September 1, 2023
Too Sacred To Drill
The Blackfeet Nation has prevailed in a four-decade fight to fend off oil and gas development in the Badger-Two Medicine region of Montana.
Kendall Edmo, a Blackfeet Tribal member, became involved in the fight to protect the Badger-Two Medicine area after learning about the region’s cultural significance to her people — and the threat of oil and gas drilling.
During her childhood, Edmo wasn’t immersed in the Blackfeet language or traditional ways. That changed after she graduated from college and returned to the reservation.
As a Tribal liaison for the National Parks Conservation Association, Edmo met with Tribal elders who took her under their wing and mentored her in Blackfeet history and spirituality. They explained the significance of the Badger-Two Medicine area. “Our cultural connection to this land is deeper than us just occupying it,” said Edmo, speaking to Earthjustice in 2015. “It’s a vital connection to our identity.”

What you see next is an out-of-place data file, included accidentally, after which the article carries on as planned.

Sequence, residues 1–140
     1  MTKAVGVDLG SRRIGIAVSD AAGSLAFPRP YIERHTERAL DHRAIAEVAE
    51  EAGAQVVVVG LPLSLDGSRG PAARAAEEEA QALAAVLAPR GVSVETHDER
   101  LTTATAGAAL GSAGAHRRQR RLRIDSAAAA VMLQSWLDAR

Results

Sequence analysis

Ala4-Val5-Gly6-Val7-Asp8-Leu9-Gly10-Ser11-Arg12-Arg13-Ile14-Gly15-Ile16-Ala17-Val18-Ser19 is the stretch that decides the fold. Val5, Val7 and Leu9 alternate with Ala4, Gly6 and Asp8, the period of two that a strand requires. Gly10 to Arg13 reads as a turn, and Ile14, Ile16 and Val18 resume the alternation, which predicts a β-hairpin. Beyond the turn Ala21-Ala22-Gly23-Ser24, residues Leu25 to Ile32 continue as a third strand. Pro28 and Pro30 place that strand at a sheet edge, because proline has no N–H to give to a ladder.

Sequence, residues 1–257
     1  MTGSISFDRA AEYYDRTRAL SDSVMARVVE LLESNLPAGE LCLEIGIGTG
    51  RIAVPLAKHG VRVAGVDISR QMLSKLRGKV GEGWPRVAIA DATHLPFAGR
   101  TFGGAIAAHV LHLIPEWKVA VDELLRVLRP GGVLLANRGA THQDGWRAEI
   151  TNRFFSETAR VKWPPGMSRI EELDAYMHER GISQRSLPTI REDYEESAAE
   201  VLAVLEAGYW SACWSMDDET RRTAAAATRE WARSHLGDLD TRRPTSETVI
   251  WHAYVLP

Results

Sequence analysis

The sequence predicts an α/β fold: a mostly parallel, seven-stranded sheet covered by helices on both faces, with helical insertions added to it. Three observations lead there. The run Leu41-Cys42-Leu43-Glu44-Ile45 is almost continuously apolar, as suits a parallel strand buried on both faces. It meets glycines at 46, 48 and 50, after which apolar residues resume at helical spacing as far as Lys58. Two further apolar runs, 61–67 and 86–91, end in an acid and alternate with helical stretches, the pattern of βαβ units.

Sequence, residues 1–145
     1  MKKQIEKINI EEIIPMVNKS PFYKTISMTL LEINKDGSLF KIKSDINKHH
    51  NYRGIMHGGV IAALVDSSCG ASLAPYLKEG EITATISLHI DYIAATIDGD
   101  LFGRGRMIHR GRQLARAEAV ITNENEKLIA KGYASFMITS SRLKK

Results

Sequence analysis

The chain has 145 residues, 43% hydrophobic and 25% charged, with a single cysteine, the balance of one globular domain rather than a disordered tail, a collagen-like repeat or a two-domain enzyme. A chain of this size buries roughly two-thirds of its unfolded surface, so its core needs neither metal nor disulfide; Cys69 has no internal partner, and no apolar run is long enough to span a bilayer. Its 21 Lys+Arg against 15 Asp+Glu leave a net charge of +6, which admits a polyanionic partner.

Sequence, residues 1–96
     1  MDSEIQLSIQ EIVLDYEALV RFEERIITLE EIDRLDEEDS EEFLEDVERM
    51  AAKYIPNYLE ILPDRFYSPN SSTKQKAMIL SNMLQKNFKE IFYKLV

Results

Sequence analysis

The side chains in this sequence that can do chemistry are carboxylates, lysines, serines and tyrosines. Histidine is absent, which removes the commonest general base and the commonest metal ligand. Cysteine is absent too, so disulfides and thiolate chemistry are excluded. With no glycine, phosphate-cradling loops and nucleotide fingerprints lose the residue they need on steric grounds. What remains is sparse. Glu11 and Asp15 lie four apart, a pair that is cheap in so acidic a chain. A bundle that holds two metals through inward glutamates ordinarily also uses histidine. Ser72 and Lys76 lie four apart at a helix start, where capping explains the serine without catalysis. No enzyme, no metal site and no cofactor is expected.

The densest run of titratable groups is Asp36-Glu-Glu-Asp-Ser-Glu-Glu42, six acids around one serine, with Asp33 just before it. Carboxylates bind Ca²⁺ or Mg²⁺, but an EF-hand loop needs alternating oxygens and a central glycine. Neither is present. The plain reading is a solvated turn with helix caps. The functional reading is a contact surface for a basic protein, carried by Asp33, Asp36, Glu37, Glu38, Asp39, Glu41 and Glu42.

In the 1980s, the Reagan administration issued 47 oil and gas leases in the Badger-Two Medicine area to oilmen for $1 per acre. The leases were granted without Tribal consultation, review of significant cultural values, or proper evaluation of environmental impact — all required by federal law — and therefore violate both the National Environmental Policy Act and Endangered Species Act.
By 1997, a more conservation-minded Forest Service placed a moratorium on any new oil and gas leases along the Rocky Mountain Front, including the Badger-Two Medicine area. In the years that followed, many companies and leaseholders voluntarily relinquished their leases. A handful of leases remained, though, sitting in legal limbo for decades due to a series of suspensions by the federal government.
One of those leaseholders was the Solenex company in Louisiana. In 2013, Solenex sued the federal government, alleging that it had unreasonably delayed the company’s right to develop its lease. The fight to protect the Badger-Two Medicine area had just taken on a new urgency.